Australia’s regional newspapers are about regional stories and are a shared community experience. Regional newspapers put into the public area the stories of people who have excelled in sport, school or their business enterprise, as well as coverage of valuable community-based issues such as council decisions, court matters, public health issues and local weather events.

Regional newspapers have been challenged for more than a decade by loss of revenue, loss of talent and rising costs that have forced many to permanently close their doors. As newspapers close, readers are pushed towards social media for their news, which increases Australians’ exposure to misinformation and creates a disconnect in communities.

As part of the inquiry, the committee considered:

  • The impact of decisions in a number of markets in regional and remote Australia by large publishers such as News Corp and Australian Community Media to suspend publication of print editions;
  • The extent to which there has been entry into these or other markets by new operators, particularly small businesses;
  • The impact of the News Media Bargaining Code for regional and remote newspapers; and
  • The degree to which there has been economic recovery in regional and remote markets from the impacts of COVID, and whether this has led to advertising revenue improving.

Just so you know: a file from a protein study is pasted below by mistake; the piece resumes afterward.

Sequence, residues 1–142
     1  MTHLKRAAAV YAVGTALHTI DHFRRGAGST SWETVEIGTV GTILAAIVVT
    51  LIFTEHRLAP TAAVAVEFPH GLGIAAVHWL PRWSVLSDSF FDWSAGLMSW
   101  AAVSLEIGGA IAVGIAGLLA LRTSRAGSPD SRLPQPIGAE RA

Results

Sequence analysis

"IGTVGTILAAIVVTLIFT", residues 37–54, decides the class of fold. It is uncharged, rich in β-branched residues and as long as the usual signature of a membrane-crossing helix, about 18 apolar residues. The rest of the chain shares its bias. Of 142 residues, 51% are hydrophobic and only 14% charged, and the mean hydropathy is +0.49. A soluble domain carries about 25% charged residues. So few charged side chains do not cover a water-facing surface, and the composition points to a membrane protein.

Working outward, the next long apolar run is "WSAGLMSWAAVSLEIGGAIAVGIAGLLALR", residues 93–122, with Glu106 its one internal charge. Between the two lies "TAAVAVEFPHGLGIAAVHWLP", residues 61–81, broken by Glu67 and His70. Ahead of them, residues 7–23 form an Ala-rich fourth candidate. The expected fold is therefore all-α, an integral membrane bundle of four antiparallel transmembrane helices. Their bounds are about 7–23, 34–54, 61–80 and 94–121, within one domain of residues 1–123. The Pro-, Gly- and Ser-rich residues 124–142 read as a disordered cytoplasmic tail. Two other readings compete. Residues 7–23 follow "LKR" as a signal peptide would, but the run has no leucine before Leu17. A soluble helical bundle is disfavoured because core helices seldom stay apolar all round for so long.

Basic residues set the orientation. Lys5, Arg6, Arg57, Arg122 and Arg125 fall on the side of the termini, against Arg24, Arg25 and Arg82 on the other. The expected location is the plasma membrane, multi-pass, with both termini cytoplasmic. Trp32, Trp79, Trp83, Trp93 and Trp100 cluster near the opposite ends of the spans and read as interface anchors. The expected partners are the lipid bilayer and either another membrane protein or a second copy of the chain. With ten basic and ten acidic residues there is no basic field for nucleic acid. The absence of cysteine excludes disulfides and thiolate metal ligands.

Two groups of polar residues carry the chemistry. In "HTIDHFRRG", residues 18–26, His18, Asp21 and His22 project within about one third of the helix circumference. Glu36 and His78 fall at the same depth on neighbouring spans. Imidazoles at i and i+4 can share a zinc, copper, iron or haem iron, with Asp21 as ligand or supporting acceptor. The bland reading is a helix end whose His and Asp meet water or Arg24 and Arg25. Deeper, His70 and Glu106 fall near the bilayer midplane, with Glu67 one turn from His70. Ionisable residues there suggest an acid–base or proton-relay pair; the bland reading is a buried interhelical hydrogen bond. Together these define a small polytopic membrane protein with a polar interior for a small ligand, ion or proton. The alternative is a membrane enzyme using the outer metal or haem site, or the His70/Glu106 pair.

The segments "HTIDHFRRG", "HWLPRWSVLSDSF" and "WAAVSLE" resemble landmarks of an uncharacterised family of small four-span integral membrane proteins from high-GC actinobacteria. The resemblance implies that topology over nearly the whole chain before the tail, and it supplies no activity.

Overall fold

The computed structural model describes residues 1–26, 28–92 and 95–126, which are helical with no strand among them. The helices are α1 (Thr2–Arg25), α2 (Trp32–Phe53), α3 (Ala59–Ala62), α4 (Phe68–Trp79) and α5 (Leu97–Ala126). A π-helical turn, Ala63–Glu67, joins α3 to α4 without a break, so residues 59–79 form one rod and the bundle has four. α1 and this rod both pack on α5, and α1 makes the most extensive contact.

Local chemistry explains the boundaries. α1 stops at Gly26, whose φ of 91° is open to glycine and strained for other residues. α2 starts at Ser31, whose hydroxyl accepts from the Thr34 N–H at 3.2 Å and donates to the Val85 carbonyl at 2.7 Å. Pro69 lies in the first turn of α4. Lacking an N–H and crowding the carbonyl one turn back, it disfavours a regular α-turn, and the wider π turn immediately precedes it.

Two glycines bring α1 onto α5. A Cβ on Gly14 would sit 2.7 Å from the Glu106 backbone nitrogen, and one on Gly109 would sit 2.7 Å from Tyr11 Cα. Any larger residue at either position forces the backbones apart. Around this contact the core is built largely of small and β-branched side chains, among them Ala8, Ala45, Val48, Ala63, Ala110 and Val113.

Report overview:

  • Chapter 2 provides an overview of how regional news is defined and accessed, as well as the role that large publishers play in regional areas. The chapter also discusses the emergence of hyper-local news, the evolution of media in regional areas and how access to regional news is tracked and mapped.
  • Chapter 3 considers how revenue sources for regional newspapers have changed as a result of the growth of digital platforms and the impacts of COVID-19, and potential future funding models to support regional papers. The chapter also considers current Australian Government initiatives to support regional newspapers and the growing role of philanthropy in ongoing funding models.
  • Chapter 4 considers the growth of digital platforms and the impact on regional newspapers, as well as the development and impact of the News Media Bargaining Code.
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